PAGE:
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Biol Direct. 2018 May 9;13(1):9. doi: 10.1186/s13062-018-0211-z.

Profiling microbial strains in urban environments using metagenomic sequencing data.

Author information

1
Centre for Integrative Biology, University of Trento, Via Sommarive 9, 38123, Trento, TN, Italy.
2
Centre for Integrative Biology, University of Trento, Via Sommarive 9, 38123, Trento, TN, Italy. nicola.segata@unitn.it.

Abstract

BACKGROUND:

The microbial communities populating human and natural environments have been extensively characterized with shotgun metagenomics, which provides an in-depth representation of the microbial diversity within a sample. Microbes thriving in urban environments may be crucially important for human health, but have received less attention than those of other environments. Ongoing efforts started to target urban microbiomes at a large scale, but the most recent computational methods to profile these metagenomes have never been applied in this context. It is thus currently unclear whether such methods, that have proven successful at distinguishing even closely related strains in human microbiomes, are also effective in urban settings for tasks such as cultivation-free pathogen detection and microbial surveillance. Here, we aimed at a) testing the currently available metagenomic profiling tools on urban metagenomics; b) characterizing the organisms in urban environment at the resolution of single strain and c) discussing the biological insights that can be inferred from such methods.

RESULTS:

We applied three complementary methods on the 1614 metagenomes of the CAMDA 2017 challenge. With MetaMLST we identified 121 known sequence-types from 15 species of clinical relevance. For instance, we identified several Acinetobacter strains that were close to the nosocomial opportunistic pathogen A. nosocomialis. With StrainPhlAn, a generalized version of the MetaMLST approach, we inferred the phylogenetic structure of Pseudomonas stutzeri strains and suggested that the strain-level heterogeneity in environmental samples is higher than in the human microbiome. Finally, we also probed the functional potential of the different strains with PanPhlAn. We further showed that SNV-based and pangenome-based profiling provide complementary information that can be combined to investigate the evolutionary trajectories of microbes and to identify specific genetic determinants of virulence and antibiotic resistances within closely related strains.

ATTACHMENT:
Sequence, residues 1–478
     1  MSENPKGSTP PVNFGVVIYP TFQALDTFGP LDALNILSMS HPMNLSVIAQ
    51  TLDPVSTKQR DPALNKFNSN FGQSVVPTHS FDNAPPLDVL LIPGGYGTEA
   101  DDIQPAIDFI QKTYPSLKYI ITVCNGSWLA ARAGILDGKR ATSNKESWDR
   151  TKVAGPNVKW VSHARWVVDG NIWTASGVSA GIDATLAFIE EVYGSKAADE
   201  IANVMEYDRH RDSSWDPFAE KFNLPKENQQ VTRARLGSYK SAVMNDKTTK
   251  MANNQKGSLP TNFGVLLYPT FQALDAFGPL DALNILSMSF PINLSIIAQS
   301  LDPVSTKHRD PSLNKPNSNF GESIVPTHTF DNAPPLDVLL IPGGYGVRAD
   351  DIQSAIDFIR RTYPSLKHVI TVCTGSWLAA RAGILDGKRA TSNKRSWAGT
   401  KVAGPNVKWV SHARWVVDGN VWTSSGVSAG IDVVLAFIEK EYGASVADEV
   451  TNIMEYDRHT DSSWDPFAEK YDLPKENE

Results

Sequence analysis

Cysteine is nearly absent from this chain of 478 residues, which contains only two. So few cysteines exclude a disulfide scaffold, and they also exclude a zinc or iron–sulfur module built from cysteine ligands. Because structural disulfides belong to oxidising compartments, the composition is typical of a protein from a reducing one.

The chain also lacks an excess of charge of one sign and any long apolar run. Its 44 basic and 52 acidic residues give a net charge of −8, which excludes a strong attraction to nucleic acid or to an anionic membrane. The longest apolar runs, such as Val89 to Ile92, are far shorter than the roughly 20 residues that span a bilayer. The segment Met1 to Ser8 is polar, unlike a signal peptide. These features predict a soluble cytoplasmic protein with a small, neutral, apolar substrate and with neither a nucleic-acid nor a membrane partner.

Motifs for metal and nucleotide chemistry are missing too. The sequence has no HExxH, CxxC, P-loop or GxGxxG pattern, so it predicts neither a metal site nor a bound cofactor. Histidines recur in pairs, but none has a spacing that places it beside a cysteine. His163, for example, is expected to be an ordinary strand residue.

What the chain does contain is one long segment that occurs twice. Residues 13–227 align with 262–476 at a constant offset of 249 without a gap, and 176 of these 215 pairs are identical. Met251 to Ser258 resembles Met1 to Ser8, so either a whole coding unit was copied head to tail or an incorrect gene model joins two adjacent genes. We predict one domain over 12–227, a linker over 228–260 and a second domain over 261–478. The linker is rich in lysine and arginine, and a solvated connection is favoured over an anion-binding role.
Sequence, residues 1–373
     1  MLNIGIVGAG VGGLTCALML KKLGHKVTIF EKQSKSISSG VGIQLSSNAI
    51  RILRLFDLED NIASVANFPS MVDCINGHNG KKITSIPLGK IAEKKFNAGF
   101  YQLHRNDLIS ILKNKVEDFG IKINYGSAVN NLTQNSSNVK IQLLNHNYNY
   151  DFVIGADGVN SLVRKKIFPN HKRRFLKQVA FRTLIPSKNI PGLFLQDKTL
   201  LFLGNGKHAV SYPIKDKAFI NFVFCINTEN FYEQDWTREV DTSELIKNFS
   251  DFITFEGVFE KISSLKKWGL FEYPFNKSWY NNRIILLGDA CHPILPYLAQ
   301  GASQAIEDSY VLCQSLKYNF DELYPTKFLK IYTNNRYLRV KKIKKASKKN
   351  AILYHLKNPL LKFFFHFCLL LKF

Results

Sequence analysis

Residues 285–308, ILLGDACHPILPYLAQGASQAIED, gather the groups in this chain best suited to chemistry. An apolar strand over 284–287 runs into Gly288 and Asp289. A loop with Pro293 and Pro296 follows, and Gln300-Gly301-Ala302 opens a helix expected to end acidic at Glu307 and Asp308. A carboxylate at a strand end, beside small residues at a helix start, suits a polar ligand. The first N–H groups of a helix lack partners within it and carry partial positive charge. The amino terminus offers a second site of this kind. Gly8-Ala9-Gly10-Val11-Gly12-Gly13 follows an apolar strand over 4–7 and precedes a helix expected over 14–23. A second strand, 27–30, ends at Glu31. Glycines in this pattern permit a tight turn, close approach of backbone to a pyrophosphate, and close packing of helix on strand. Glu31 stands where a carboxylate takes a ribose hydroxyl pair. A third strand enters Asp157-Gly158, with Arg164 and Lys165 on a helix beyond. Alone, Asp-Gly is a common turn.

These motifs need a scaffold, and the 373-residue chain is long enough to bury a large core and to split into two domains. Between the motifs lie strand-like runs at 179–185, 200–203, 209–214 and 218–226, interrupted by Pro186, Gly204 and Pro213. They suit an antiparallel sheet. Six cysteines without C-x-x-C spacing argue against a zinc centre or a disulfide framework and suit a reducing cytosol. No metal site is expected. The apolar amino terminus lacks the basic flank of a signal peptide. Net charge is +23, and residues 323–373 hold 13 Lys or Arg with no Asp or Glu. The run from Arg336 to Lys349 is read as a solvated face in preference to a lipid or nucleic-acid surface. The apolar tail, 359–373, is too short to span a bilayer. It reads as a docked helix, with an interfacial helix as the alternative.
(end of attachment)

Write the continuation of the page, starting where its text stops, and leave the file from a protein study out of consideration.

CONCLUSION:

We show that strain-level methods developed primarily for the analysis of human microbiomes can be effective for city-associated microbiomes. In fact, (opportunistic) pathogens can be tracked and monitored across many hundreds of urban metagenomes. However, while more effort is needed to profile strains of currently uncharacterized species, this work poses the basis for high-resolution analyses of microbiomes sampled in city and mass transportation environments.

REVIEWERS:

This article was reviewed by Alexandra Bettina Graf, Daniel Huson and Trevor Cickovski.

KEYWORDS:

Metagenomics; Strain-level microbial genomics; Urban microbiome

PMID:
29743119
PMCID:
PMC5944035
DOI:
10.1186/s13062-018-0211-z
[Indexed for MEDLINE]
Free PMC Article

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